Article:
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One of Africa’s biggest media houses feels the impact of COVID-19

STAFF REPORTER

THE economic impact of the health disaster brought by COVID-19 is being felt at one of Africa’s biggest media houses.

South Africa’s Media24, the biggest media owner in that country, has announced that the tough economic times have forced it to consider closing some of its titles and substantially scale down some of its operations.

The closure is expected to lead to job losses in an industry decimated by the onset of COVID-19.

Media24 CEO Ishmet Davidson said the media group is considering the closure of five magazines and two newspapers, outsourcing and reducing the frequency of its remaining monthly magazines, taking two newspapers digital only and reducing staff in related support services.

Davidson said restructure is expected to affect around 510 staff members, with a proposed reduction of close on 660 positions, out of a total staff complement of 2 971, largely across the print media and distribution divisions. 

He explained:  “From the earliest days of the pandemic in South Africa, everything we’ve done focused on two main priorities. Firstly, the health and safety of our people, and secondly, business continuity – by implication also protecting employment for as long as possible.

“However, the pandemic has accelerated the pre-existing and long-term structural decline in print media, resulting in a devastating impact on our own already fragile print media operations with significant declines in both circulation and advertising since April. For many of our print titles the benefits of prior interventions to offset the structural declines and keep them on the shelf no longer exist and they’ve run out of options in this regard.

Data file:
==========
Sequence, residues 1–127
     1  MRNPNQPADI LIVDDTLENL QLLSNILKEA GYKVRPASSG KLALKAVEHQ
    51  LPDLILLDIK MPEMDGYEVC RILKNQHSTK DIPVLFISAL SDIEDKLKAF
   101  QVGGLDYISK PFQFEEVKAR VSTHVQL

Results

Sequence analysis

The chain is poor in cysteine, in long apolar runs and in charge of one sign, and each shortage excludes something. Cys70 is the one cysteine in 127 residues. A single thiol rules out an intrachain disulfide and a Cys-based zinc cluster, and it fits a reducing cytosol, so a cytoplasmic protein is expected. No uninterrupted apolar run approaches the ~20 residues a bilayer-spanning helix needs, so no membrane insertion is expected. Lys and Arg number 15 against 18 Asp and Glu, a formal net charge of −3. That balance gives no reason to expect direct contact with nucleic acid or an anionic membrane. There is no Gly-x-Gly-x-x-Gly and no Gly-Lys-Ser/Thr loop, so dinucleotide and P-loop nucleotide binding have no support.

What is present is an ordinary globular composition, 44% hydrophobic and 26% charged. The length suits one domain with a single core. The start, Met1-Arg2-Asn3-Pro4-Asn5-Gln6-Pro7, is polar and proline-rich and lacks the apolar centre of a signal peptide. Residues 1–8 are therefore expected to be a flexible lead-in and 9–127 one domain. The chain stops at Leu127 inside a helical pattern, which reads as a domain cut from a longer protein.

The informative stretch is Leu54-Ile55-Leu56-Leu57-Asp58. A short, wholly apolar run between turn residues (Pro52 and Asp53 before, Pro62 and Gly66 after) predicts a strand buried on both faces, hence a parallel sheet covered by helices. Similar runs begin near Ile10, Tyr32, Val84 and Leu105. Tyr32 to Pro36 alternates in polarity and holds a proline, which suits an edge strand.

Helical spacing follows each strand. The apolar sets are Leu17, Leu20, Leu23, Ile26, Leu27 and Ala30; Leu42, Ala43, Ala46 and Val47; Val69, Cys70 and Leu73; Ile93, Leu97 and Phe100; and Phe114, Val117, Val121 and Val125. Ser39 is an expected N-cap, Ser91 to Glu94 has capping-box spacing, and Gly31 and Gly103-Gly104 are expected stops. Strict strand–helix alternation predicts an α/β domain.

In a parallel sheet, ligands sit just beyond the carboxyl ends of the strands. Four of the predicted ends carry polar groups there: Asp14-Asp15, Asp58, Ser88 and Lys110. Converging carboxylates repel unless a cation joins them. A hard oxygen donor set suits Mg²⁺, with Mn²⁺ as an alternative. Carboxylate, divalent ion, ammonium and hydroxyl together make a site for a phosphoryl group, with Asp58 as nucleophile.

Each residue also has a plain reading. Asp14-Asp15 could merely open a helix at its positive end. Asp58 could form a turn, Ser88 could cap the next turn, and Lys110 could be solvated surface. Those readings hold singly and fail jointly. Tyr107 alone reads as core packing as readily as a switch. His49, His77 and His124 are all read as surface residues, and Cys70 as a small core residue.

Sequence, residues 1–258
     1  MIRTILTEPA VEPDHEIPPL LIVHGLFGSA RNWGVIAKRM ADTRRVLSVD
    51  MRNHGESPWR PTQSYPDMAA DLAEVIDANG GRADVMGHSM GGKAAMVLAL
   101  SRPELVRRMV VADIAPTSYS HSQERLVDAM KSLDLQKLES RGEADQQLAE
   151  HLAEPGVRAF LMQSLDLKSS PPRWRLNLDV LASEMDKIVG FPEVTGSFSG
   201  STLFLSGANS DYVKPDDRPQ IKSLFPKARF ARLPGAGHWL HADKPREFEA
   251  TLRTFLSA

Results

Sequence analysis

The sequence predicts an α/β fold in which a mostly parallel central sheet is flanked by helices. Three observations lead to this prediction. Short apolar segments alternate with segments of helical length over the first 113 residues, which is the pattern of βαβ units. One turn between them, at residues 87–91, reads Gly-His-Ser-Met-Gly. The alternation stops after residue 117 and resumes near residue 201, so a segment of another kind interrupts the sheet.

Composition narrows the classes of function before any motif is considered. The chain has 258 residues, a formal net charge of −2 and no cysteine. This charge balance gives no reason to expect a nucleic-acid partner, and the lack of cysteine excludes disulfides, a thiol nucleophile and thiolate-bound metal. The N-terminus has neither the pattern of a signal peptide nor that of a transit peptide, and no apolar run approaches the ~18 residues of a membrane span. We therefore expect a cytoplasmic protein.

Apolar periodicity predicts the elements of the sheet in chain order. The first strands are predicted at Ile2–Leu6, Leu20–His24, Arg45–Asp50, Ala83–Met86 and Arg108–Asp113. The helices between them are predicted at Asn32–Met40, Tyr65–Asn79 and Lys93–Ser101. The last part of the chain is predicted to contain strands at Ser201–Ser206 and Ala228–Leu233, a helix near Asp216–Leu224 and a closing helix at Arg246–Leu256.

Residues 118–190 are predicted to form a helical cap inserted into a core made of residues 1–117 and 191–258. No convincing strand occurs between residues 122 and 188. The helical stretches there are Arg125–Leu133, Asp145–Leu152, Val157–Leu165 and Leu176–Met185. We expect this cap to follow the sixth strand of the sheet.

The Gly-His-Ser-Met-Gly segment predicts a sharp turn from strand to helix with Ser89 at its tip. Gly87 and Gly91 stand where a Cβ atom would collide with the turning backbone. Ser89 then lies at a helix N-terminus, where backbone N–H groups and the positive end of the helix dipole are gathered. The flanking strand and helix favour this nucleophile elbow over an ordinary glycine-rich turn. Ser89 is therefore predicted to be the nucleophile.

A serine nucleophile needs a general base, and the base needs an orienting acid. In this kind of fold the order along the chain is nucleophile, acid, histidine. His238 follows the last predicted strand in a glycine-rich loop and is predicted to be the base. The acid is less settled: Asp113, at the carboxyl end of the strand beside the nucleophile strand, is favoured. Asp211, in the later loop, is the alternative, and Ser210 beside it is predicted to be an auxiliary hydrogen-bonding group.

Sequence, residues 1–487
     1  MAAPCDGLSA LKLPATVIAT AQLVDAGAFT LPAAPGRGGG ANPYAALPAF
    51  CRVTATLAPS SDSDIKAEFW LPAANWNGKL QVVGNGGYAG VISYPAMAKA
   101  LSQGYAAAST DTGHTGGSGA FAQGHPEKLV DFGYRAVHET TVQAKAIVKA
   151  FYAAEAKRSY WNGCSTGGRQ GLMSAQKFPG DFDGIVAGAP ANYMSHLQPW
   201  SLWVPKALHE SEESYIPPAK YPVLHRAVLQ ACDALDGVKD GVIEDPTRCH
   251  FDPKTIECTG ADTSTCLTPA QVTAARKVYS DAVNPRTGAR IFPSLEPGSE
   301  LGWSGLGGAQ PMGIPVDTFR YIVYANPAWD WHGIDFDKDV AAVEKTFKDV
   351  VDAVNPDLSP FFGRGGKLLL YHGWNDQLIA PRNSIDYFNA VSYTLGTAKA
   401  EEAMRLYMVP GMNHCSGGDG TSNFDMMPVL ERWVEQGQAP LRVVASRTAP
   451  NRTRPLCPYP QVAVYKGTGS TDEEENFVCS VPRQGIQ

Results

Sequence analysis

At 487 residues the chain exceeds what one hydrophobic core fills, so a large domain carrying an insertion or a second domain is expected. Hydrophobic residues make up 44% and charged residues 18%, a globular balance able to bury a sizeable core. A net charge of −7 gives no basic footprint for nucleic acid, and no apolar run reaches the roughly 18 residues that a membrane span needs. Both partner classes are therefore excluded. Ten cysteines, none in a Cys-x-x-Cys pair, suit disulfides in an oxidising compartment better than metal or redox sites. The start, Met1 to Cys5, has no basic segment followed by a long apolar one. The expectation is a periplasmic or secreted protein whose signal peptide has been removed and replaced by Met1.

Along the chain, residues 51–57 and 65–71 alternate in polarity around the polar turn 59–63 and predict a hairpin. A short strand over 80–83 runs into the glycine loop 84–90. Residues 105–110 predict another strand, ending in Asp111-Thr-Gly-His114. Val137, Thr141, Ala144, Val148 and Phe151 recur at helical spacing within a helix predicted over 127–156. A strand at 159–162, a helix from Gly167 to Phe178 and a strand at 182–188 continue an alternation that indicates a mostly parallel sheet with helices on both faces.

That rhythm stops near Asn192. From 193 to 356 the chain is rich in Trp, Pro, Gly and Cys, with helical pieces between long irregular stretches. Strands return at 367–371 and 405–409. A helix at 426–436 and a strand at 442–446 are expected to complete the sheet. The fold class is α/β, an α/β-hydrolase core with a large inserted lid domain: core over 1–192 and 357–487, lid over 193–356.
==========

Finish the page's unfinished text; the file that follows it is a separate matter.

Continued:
“Even with a return to pre-Covid-19 economic levels, the impact of the pandemic on our print media operations will be unrecoverable. Sadly, we have no choice but to restructure our business now to curtail the losses in our print portfolio and allow us to focus on keeping the retained titles sustainable and in print for as long as possible.” 

The South African Editors Forum has expressed concern at the developments at Media24. The organisation is also worried after the South African Broadcasting Corporation (SABC) announced that it wants to rentrentch 600 workers. 

Said SANEF chairperson, Mahlatse Mahlase: ““We are painfully aware that any SABC and Media24 retrenchments in the media sector will exacerbate unemployment as mass retrenchments have hard-hit us since the beginning of the COVID19 lockdown.  Last week Thursday SANEF launched a relief fund for journalists who had lost their livelihoods as a direct result of the COVID-19 national disaster. In April alone we saw the closure of two magazine publishers and 80 small print publications operating across the country, leading to the loss of over 700 jobs for journalists.

 “We appeal to South African corporates to spend their advertising budgets with South African media consciously, and that the public should take up subscriptions and continue to buy local papers.  We are concerned that the continuing closure of media houses will have a detrimental effect on our democracy as it limits the number of sources of information for the public, leads to regression in media diversity and multiplicity of voices. Since COVID-19 the process of newsgathering has transformed completely, and this element of personal danger is one of the most troubling changes for journalists. SANEF believes that the risks facing journalists remain unacceptably high for most, and tragically it has claimed the lives of some. And yet, most journalists remain resolved to fight to keep the principles of unwavering dedication to the pursuit of truth and making it available to all. And, we are convinced that the world needs journalists, now more than ever.”

By The African Mirror

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